Maurice Tomlinson, an LGBT advocate is to challenge Belize’s entry ban on gays in an international court.
Tomilnson, a Jamaican national and legal advisor for the NGO AIDS-Free World has been invited to conduct training and sensitization sessions regarding the rights of individuals infected and affected by HIV and AIDS.
The sessions, due to take place in Belize on the 14-16 January 2013, are an initiative of the United Belize Advocacy Movement, the country’s only civil society group promoting the health and human rights of LGBT and men who have sex with men citizens.
However, section 5 of Belize’s Immigration Act prohibits entry to homosexuals, people with mental health issues and physical disabilities.
The law, which is written in an archaic and offensive language, prohibits entry into Belize to:
‘(b) any idiot or any person who is insane or mentally deficient or any person who is deaf and dumb or deaf and blind, or dumb and blind;
‘(e) any prostitute or homosexual or any person who may be living on or receiving or may have been living on or receiving the proceeds of prostitution or homosexual behaviour;’
As an attorney-at-law Tomlinson has no intention of lying, nor breaking the law and therefore he had to reject the invitation from the United Belize Advocacy Movement.
This despite the recognition that Belize is in urgent need of such expertise, and the sessions are in line with the human rights approach to combatting HIV promoted by UNAIDS.
Tomlinson also considers the ban on his entry into Belize to be a violation of his right to freedom of movement within the Caribbean Community (CARICOM), of which the country is a member.
With the support of AIDS-Free World, he has initiated a challenge to Belize’s Immigration Act before the highest court in the region, the Caribbean Court of Justice (CCJ).
Last month Tomlinson was invited as a speaker in a UN meeting in Trinidad and Tobago but had to turn that invitation down as well, as the country has a similar prohibition to Belize’s.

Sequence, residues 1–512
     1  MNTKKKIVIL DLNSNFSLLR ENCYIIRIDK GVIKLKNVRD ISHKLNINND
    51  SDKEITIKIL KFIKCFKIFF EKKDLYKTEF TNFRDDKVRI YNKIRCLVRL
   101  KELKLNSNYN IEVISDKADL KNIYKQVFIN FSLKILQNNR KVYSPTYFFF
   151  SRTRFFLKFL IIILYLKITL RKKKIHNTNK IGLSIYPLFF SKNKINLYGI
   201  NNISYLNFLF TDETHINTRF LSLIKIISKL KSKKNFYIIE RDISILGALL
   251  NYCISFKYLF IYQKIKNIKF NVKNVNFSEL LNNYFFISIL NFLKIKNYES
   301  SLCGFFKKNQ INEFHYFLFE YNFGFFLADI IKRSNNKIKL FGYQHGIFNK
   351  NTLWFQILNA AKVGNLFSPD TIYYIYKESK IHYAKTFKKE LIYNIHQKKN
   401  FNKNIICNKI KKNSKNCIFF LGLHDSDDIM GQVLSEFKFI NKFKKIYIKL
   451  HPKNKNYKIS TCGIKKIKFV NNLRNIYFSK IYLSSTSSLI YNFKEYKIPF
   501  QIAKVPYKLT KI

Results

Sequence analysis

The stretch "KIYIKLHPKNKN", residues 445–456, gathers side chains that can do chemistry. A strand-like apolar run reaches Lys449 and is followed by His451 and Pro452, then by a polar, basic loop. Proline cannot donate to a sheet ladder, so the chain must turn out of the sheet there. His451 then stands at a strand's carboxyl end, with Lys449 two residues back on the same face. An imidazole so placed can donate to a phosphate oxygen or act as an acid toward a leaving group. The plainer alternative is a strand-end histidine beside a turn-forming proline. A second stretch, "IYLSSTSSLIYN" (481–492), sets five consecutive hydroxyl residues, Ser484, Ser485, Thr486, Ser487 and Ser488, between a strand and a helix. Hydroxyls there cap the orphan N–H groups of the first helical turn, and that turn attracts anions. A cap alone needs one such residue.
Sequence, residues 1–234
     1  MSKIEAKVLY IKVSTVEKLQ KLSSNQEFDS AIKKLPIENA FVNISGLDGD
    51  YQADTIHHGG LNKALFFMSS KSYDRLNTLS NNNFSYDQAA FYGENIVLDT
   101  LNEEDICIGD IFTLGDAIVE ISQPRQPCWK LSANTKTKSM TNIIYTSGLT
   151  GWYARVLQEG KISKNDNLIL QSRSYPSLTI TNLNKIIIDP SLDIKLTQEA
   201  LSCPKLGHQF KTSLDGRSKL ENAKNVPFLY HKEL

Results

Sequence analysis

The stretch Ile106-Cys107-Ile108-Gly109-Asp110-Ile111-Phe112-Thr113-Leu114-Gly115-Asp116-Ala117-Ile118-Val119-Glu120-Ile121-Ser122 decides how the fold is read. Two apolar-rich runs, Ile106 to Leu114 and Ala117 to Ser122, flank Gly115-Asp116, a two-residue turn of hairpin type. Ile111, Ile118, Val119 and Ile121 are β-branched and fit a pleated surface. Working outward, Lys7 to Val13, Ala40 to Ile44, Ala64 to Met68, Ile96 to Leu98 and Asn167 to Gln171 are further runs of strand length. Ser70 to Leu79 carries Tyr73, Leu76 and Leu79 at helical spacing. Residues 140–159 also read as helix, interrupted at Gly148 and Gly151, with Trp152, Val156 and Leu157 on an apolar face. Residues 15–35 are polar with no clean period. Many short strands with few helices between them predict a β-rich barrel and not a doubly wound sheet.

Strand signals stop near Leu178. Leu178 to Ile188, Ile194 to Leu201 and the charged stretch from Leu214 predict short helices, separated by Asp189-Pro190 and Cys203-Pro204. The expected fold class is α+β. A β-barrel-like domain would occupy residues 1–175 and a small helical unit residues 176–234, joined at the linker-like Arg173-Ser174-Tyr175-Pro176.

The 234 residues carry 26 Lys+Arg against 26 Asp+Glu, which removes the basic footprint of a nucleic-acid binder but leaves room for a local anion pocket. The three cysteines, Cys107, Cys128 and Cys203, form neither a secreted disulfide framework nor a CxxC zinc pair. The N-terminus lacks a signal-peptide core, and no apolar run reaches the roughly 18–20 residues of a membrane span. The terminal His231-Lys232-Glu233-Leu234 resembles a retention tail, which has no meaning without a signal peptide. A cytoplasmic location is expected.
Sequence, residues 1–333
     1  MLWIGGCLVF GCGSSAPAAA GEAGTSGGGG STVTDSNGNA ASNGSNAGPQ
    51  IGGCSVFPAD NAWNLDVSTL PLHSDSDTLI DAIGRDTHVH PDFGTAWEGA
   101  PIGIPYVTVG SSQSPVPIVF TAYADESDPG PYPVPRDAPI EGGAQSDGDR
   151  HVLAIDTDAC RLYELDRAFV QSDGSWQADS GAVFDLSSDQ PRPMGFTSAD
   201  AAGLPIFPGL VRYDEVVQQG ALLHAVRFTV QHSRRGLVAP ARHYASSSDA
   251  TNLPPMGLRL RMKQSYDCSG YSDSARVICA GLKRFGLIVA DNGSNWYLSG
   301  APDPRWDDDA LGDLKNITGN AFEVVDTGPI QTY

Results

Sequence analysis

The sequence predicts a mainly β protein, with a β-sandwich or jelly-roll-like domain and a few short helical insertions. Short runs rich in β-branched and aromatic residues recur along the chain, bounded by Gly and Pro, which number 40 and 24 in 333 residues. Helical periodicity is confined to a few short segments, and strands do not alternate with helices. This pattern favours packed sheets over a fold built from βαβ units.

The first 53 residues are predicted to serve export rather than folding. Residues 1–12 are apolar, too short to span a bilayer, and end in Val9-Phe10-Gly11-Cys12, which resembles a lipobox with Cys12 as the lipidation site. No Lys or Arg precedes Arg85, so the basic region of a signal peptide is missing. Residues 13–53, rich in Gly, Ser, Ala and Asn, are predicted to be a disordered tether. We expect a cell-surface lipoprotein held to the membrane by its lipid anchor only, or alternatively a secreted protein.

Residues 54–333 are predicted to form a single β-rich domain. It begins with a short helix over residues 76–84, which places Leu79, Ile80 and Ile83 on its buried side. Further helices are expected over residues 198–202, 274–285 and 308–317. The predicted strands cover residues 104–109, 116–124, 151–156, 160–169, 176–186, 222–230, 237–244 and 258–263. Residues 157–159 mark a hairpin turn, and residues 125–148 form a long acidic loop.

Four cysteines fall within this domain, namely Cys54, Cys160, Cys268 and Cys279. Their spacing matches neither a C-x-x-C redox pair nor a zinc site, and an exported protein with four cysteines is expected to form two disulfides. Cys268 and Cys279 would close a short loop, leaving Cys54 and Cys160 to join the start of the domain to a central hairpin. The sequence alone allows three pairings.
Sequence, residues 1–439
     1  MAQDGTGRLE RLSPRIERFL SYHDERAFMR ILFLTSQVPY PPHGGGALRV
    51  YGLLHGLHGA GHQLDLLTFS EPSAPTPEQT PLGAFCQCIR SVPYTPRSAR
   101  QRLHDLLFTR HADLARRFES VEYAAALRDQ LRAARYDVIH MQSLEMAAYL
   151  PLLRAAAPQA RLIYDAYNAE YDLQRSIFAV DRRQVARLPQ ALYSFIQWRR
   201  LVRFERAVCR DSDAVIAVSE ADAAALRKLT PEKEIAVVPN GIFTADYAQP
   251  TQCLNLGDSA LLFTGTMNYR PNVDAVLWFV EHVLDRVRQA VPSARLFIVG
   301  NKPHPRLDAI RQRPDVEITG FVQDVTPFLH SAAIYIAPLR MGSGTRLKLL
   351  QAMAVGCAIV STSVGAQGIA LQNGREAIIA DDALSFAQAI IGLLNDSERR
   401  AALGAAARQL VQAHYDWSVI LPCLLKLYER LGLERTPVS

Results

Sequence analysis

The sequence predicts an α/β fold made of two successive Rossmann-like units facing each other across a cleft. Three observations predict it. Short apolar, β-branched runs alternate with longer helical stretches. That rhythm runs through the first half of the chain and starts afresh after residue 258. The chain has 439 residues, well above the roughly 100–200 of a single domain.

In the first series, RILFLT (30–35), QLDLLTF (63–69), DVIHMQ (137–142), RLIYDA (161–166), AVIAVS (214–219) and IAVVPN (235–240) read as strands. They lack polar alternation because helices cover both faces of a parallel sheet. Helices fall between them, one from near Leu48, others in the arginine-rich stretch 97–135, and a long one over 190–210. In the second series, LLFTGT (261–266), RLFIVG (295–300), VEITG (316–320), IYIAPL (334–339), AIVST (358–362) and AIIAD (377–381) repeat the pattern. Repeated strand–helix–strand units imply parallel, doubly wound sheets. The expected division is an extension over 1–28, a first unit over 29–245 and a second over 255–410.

He subsequently initiated a legal challenge to the Trinidadian immigration law before the CCJ.
Repealing that law, and section 5 of the Belize Immigration Act, will also liberate other marginalized groups.
It is noteworthy that in 2011, Belize signed and ratified the UN Convention on the Rights of Persons with Disabilities.
In accordance with the rules of the CCJ, Tomlinson has written to his government, Jamaica, asking that it insist that the government of Belize remove this unreasonable travel restriction.
If this is not forthcoming, Tomlinson can petition the Jamaican government to bring the matter before the CCJ on the grounds that Belize’s immigration act breaches the provisions for free movement of persons in CARICOM.
If the government of Jamaica fails or refuses to bring the matter before the CCJ, Tomlinson intends to try and do so himself.
Tomlinson told Gay Star new: ‘The offensive and overbroad prohibitions in section 5 of the Belize Immigration Act contribute to crushing stigmatization and discrimination against the most vulnerable populations in the Caribbean.
‘The law must to be expunged if the region is to rid itself of the last vestiges of its horrific past of exploitation and unspeakable cruelty.
‘Such laws have no place in the pluralistic societies that we wish to forge’.
He further pointed out that Belize’s anti-gay law acts to restrict ‘the fight against HIV, and contributes to the fact that the region has the second highest HIV prevalence rate in the world after sub-Saharan Africa’.